When I first started my journey on camping/backpacking trips in 2011, I was a complete newbie who would pack 10 day worth of food for 3 day trip just out of unfounded fear of starvation in the wilderness. A decade later with a couple dozen trips under my belt, I am still a newbie on so many fronts. But I do believe I found my favorite cooking setup for solo trips and I’d like to share what it is and what I like and dislike about the setup for anyone who might be chasing that most efficient setup.
These are the top attributes I was considering when I was going after the set up.
Volume: For short weekend trips, which takes up the majority of my trips, I wanted something compact to fit into the backpack easily without taking up much space.
Weight: This one goes without saying for any backpacking trips. The less weight, the more you enjoy your hike and the entire trip will be that much more fun.
Minimal all-in-one setup: I wanted a simple setup that can be consolidated into one package so I don’t have to worry about packing and carrying multiple pieces. Being able to just grab one package out of your bag for full setup saves time for cooking and also during packing/unpacking.
Functionality: I didn’t want to sacrifice too much of functionalities even with the focus on minimal setup
And there it is. This is the full setup. It’s about the size of a hand and I have a relatively smaller hands.
Now let me share how I feel about the set up.
What I like about this set up is:
Lightweight: The total weight comes in just over 1lbs at 1.18 lbs or 537 grams.
Compact: this setup takes up very little space in my backpack
Convenience: There is certainly a benefit of having everything in one sack to minimize prep time and packing/unpacking time
Multitasking: If I want to cook instant noodle or boil water for dry food WHILE I am drinking coffee, this setup will let me do that
What I don’t like about this set up is:
Limited cooking options: This setup is really mostly for boiling purpose. So water or instant noodle type of foods are perfect. However, since the pot is titanium, if you want to grill a steak or make a stew or anything beyond, it will be doable but it will be a challenge and final product might be less than ideal.
Size limit: Obviously this is the other side of the token of being such compact setup. Pot size is about 28 fl.oz. Good for a couple cups of coffee. Or 1 instant noodle. So I would say this would work quite well for up to 2 people but for a group larger than that, you should expect longer time since you will need to boil multiple times to cover all the people.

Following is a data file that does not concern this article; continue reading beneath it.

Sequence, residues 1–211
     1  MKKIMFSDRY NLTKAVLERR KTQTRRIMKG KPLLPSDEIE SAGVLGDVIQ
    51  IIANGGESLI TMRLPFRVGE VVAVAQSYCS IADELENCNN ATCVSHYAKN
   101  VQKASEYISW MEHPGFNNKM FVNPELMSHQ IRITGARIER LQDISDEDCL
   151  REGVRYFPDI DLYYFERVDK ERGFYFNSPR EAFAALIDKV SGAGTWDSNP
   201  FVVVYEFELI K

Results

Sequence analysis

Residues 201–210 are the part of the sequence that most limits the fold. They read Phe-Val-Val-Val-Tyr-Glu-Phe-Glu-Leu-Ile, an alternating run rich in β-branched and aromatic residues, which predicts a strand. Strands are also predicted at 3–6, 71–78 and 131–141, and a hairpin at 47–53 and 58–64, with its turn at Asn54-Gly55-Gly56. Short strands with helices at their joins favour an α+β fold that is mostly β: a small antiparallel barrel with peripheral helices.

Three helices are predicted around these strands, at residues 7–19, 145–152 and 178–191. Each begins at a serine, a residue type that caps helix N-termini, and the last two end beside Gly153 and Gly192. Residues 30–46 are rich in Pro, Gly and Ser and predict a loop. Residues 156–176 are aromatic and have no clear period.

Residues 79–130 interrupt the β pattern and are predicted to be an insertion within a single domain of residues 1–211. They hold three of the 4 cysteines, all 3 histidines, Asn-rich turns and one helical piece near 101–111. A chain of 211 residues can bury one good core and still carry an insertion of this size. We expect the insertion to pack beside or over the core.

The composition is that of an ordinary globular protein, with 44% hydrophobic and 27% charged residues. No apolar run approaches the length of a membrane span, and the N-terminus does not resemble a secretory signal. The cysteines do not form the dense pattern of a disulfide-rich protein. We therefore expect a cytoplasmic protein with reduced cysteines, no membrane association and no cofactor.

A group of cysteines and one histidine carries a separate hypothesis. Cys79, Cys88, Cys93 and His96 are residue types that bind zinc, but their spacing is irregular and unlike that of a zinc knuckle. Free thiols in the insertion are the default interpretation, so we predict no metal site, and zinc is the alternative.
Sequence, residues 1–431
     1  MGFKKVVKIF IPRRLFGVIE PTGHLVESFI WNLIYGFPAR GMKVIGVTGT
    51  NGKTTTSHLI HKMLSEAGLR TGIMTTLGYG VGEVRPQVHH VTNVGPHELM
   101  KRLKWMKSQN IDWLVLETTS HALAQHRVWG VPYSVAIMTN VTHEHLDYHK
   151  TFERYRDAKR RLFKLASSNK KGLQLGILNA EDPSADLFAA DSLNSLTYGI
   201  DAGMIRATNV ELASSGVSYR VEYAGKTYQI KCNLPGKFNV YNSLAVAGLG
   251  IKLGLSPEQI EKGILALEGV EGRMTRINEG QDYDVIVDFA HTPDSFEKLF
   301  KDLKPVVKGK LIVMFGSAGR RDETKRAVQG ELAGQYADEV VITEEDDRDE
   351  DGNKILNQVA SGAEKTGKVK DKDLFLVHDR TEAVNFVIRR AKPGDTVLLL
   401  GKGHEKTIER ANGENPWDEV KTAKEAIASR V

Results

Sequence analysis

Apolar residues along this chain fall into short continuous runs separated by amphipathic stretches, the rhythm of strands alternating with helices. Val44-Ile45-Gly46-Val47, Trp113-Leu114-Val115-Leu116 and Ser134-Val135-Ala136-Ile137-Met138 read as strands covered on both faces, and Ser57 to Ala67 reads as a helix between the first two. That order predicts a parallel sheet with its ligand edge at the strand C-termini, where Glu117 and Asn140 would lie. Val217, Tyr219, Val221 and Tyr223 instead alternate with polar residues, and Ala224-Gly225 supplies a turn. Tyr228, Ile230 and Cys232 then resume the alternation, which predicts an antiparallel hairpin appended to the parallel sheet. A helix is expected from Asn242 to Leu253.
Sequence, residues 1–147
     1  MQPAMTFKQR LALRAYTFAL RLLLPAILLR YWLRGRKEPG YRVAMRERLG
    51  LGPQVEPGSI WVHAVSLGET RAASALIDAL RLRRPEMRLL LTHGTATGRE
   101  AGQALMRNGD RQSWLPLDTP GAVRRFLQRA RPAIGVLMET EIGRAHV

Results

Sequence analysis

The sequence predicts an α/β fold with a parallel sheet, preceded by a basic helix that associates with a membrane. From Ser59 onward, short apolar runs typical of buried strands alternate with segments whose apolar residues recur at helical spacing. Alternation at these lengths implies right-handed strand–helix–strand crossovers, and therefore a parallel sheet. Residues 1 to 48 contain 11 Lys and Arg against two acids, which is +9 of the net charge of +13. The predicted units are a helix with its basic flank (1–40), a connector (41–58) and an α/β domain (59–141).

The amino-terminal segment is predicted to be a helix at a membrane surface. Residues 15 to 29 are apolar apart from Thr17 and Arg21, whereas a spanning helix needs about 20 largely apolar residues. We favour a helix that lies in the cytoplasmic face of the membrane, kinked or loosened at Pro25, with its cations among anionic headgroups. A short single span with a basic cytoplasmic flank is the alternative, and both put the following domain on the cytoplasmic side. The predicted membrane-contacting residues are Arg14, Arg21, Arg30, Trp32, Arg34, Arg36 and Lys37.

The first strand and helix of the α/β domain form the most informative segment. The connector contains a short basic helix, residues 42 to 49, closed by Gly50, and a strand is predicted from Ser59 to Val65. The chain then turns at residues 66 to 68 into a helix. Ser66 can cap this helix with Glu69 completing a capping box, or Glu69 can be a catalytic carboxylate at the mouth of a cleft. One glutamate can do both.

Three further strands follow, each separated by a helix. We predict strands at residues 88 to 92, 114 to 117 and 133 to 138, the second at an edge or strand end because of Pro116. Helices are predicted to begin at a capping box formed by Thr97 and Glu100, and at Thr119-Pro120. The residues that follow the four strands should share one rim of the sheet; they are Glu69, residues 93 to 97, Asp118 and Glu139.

What a great two person cookset for the backpacker who likes to spend a little extra time to cook up better food than your basic rehydration.
Apart from these, I also own the trek combo pot set (basically the trek 900 nested in the trek 1400), and while that set is nice because the hybrid summit also nests inside, the trek combo lacks a little in diameter. This isn’t a problem for stews, but it’s a bit of a problem for breakfast since the larger pan is still too small to place whole slices of spam in it. Continue reading →
In the last 3 years now, I’ve amassed so many stoves, pots, pans, cups, and other assorted backpacking cooking paraphernalia, and experimented with all of them both at home and on well over 30 backpacking trips and maybe 6 or 7 car camping trips that I’m starting to get pretty good at knowing what is needed for different types of trips, what’s overkill, and what’s not enough. Continue reading →
This set is heavier than a lot of titanium or anodized aluminum pot/pan setups out there today, but it’s also wider than many of them. I own quite a few pot-pan sets and for 3-4 people, this is my favorite setup. Continue reading →
When I originally purchased this hard anodized single person cookset with heat exchanger, I was reasonably impressed but struggled to figure out a good way to use it (Edit: It shaved about 30 seconds off water boiling time compared to my Snow Peak Trek 900, if I used the right stove and windscreen combination, competitive with JetBoil times, thus saving fuel). But it’s become, over time, my preferred set when solo backpacking where I plan to do light cooking. Continue reading →
After spending time this weekend with this little kettle, it’s clear that kettles are pretty critical for car camping. You need the for tea or coffee or soup/instant noodles or to warm a bucket of water for cleaning…. Can you survive without one on a car camping trip? sure. Would you want to? Heeeeeck no. The compact nature of this unit makes it a little more convenient to pack, but what I’ve learned this trip is, if you’re running really low on space and need to go uber compact, take this kettle. If you can load up the car and afford to take a larger kettle, do so. a kettle is worth the space and weight cost. Continue reading →